Umberto Eco became an international literary celebrity in 1980 when he published his first novel entitled “The Name of the Rose.”
In the following years, Eco received worldwide literary acclaim and established himself as one of the best contemporary writers with his novels “Foucault’s Pendulum” and “The Island of the Day Before.”
Before writing “The Name of the Rose,” Eco was already a prominent figure in the Western circles of philosophy and literary theory; he was famous for his constructive and detailed literary criticism and his work on the theory of semiotics. He was 48 years old when he wrote his first novel, and the academic world was astonished when he revealed his secret passion for writing and narrating.
Several years before writing “The Name of the Rose,” Eco was approached by one of his friends who worked for a major Italian publisher. She invited Eco to write a short detective story which would be published in her magazine, but Eco declined the offer and jokingly told her that his detective story would be 500 pages long and it would take place in a medieval monastery.
Since Eco was originally a historian who extensively studied the Middle Ages, the joke soon turned into an actual idea, and Eco began researching historical and philosophical themes that were the basis for the plot of “The Name of the Rose.” He started working on the book by creating the names of the prominent friars of his fictional monastery.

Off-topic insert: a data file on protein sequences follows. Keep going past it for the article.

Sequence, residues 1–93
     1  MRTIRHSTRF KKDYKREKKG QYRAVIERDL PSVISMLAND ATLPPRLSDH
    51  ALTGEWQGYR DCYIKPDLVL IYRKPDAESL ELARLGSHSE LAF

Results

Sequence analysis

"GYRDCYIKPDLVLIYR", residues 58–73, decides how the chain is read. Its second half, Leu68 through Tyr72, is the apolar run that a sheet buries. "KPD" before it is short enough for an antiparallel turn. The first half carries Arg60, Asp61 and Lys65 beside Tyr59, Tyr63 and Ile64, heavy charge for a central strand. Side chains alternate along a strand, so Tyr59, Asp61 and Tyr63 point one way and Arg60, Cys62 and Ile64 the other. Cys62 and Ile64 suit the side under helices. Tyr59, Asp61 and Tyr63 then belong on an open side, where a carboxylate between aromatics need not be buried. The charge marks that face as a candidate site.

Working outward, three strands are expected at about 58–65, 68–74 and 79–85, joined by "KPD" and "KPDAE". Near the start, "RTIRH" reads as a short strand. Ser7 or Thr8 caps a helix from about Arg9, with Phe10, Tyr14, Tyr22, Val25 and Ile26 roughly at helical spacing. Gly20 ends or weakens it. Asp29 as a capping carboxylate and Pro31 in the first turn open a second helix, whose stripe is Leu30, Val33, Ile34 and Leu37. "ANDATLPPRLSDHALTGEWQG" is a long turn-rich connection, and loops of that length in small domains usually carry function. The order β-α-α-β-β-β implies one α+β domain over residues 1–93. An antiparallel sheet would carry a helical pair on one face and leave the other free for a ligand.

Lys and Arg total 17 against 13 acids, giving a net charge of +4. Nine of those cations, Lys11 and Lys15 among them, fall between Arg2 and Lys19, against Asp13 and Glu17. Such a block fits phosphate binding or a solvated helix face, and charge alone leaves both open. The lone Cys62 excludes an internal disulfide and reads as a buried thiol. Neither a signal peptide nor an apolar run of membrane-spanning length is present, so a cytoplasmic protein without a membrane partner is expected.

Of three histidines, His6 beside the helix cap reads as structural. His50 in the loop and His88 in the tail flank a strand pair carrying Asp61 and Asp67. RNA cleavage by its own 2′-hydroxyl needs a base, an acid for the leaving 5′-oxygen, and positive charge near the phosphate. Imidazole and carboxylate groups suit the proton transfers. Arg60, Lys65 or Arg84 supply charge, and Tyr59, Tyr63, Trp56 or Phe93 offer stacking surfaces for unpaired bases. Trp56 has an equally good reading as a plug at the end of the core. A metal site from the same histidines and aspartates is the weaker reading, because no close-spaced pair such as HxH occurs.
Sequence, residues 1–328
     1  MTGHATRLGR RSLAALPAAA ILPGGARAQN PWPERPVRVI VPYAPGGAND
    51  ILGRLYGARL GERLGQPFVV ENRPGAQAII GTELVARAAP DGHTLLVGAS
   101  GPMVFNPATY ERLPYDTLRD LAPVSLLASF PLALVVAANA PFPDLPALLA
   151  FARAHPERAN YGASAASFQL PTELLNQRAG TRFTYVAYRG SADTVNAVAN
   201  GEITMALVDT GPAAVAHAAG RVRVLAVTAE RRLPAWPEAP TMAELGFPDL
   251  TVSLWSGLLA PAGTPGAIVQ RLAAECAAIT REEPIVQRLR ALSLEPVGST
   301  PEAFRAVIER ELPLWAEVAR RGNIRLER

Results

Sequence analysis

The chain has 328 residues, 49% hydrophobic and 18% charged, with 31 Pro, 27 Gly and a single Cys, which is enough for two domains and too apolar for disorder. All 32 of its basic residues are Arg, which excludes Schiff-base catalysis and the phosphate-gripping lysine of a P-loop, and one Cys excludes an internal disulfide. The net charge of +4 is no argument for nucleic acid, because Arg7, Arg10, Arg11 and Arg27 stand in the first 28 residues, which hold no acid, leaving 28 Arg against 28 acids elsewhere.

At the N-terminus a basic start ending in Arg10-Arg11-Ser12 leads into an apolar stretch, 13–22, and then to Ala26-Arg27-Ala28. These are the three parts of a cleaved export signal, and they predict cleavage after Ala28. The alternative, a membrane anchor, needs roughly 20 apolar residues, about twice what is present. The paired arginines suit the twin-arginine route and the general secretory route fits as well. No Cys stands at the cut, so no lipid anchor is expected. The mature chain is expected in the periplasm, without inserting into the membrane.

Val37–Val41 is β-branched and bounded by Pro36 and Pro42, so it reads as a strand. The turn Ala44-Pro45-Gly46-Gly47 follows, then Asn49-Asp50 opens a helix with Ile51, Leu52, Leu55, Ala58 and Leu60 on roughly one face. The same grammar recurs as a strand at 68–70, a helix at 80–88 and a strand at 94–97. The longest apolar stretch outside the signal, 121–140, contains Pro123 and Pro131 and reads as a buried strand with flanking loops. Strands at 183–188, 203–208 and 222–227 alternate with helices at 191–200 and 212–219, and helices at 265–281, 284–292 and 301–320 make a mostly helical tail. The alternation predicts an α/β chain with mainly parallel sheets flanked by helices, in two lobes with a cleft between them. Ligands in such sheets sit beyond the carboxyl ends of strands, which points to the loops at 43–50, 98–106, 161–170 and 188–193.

Eco worked on “The Name of the Rose” for two years, which seems a rather short time considering that the book is almost 500 pages long and it incorporates several complex philosophical concepts followed by an impressive amount of intertextual references. His next novel, the ethereal and cryptic “Foucault’s Pendulum,” took him eight years to write but the work paid off as he produced another masterpiece of contemporary fiction.
Eco died in 2016 after publishing seven novels altogether. In the theoretical texts which he wrote earlier in his career, he frequently emphasized the idea that good authors need to build complete and plausible fictional worlds for their narratives to be autonomous and effective.
He proved the validity of this principle in all of his novels by constructing narratives which immerse the readers into strange, yet familiar, fictional worlds.